Conclusion

Overall, there are many potential tax breaks that you may benefit from. Always be sure to keep your documents of proof organized and safe. If you need help compiling your deductibles or are in need of financial advice, rely on MARIELA RUIZ, CPA, PLLC. We are here to make the process easy and stress-free. Learn more about our services by visiting our website or calling us at (956) 997-0067.

3 Types of Small Business Audits

All business audits share things in common, but do you know what they entail? The auditor, whether someone within your business or an external auditor, will do a thorough evaluation of your accounting books and financial statements. They usually check an entire year’s worth of financial data, including income and expenses. If you’re a small business owner, or maybe just curious about the auditing process, keep reading to learn about the different audits for businesses.

Internal Audit

An internal audit is a self-audit that’s scheduled and conducted by a representative of your own company. Many businesses do an internal audit once a year to ensure the accuracy of their books and financial statements. An internal audit is for your own purposes, and to check for errors or other issues.

Larger companies usually have audit departments, but a smaller business might employ just one or two people to conduct audits. Internal auditors don’t just check business finances; they also check company policies, procedures, and processes to check compliance with internal guidance and federal, state, and local laws.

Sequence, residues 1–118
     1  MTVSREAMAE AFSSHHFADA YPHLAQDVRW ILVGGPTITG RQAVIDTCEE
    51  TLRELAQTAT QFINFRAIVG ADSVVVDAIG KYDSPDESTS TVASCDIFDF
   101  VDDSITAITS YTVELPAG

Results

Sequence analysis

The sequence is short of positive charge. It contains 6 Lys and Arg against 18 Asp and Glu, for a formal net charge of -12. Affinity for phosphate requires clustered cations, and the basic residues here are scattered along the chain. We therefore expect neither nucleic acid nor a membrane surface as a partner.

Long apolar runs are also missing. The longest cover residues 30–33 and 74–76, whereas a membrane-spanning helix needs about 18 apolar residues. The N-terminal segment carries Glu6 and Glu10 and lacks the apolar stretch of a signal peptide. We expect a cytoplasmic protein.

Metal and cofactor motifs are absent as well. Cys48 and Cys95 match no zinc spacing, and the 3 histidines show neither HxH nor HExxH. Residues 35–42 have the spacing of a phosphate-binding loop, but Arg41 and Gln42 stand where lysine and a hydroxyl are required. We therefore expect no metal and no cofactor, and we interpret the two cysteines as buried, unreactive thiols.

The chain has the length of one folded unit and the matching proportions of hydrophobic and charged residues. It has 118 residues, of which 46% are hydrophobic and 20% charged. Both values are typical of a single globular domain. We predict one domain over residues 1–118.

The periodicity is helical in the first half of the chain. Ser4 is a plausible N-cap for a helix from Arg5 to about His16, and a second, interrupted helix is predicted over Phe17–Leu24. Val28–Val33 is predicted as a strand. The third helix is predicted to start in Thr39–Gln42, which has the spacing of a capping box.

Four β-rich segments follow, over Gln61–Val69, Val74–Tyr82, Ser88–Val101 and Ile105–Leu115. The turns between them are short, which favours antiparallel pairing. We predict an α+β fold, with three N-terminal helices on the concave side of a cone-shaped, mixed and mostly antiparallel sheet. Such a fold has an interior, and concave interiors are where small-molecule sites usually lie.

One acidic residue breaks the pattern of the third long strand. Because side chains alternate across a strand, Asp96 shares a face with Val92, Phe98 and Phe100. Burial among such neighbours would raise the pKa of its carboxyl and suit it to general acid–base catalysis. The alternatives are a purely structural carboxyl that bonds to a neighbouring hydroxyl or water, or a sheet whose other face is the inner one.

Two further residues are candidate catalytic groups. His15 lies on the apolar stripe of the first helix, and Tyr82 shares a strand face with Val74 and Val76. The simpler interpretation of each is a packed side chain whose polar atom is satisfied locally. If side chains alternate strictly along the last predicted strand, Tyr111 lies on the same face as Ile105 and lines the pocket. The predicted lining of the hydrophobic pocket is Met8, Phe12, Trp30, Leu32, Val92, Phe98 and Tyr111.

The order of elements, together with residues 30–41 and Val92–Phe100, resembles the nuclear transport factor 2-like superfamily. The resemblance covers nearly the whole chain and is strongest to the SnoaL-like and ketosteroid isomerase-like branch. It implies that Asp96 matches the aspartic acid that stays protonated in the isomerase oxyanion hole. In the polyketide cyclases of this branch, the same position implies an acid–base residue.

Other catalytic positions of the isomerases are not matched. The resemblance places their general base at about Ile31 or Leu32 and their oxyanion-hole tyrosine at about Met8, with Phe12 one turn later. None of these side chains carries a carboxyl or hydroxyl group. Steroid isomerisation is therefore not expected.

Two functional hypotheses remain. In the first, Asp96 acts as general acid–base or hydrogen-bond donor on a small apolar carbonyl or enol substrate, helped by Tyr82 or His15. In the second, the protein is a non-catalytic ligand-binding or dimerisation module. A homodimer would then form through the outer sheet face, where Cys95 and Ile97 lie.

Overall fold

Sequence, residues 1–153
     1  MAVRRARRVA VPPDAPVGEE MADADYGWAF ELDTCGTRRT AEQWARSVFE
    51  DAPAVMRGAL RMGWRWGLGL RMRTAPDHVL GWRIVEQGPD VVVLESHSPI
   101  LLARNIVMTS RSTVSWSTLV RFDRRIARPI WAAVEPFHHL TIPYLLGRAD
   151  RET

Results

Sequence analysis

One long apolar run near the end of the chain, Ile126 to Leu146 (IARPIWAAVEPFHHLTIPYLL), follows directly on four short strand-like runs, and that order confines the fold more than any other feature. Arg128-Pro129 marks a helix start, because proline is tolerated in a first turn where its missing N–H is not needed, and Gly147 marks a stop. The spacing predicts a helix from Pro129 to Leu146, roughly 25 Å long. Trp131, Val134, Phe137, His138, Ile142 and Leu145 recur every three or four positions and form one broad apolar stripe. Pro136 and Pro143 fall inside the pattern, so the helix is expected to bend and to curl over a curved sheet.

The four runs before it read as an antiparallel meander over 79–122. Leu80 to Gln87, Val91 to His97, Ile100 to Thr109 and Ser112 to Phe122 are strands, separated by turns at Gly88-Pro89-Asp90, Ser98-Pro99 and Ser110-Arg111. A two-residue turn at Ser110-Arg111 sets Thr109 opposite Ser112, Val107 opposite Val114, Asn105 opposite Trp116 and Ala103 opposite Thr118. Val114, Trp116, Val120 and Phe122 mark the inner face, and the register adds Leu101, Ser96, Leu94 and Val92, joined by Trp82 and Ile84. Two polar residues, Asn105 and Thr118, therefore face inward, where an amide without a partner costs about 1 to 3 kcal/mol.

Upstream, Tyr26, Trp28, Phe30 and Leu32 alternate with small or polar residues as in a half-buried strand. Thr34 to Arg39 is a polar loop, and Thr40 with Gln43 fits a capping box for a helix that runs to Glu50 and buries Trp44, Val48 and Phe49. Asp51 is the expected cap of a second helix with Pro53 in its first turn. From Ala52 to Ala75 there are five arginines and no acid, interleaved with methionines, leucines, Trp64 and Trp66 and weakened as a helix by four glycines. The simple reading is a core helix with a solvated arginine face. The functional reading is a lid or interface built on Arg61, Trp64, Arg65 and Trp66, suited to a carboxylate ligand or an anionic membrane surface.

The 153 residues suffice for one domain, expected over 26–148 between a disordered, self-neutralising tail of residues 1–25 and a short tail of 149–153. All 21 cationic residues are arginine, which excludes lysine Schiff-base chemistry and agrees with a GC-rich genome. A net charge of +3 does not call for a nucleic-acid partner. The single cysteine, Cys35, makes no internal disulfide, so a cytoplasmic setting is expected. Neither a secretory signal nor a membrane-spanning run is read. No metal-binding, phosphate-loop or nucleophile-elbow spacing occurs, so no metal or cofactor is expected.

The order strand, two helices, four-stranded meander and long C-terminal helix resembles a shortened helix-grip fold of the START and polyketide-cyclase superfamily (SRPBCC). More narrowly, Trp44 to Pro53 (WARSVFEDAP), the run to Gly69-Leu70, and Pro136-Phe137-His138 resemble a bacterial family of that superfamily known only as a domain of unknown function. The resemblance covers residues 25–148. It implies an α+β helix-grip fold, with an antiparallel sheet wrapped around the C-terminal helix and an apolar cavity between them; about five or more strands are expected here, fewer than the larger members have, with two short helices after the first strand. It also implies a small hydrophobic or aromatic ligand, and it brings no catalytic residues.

External Audit

An external audit, also known as an independent audit, is an audit conducted by someone outside the organization. This is called an independent audit because the auditor has no loyalty or responsibility to the business that could create a conflict of interest. In their report, they’ll have to provide an opinion as to whether your company passed the audit. An auditor might take one of the following stances in a business audit:

  • Clean opinion – The business’s books and financial statements accurately represent the company’s financial position.
  • Qualified opinion – The auditor disagrees with parts of the company’s financial records, but the audit was too limited in scope or access to come to a definitive conclusion.
  • Adverse opinion – The auditor found that the business financial records materially misrepresent the company’s financial position.
  • Disclaimer of opinion – In this type of report, the auditor doesn’t give any opinion on certain financial records.

IRS Audit

An IRS audit occurs when the IRS finds potential errors in your tax return. Usually, the IRS schedules audits for tax returns that were filed in the last three years. A few factors can trigger an IRS audit. For example, if you claim losses for multiple years in a row or report high income levels, you may be subject to an IRS audit. 

Conclusion

As you’ve read above, small businesses go through the audit process to check on financial records and other important documentation. Whether it’s an internal or external audit, it’s best to let a professional do the job. At MARIELA RUIZ, CPA, PLLC, we have the audit services you need to keep your business in check. Contact our team today!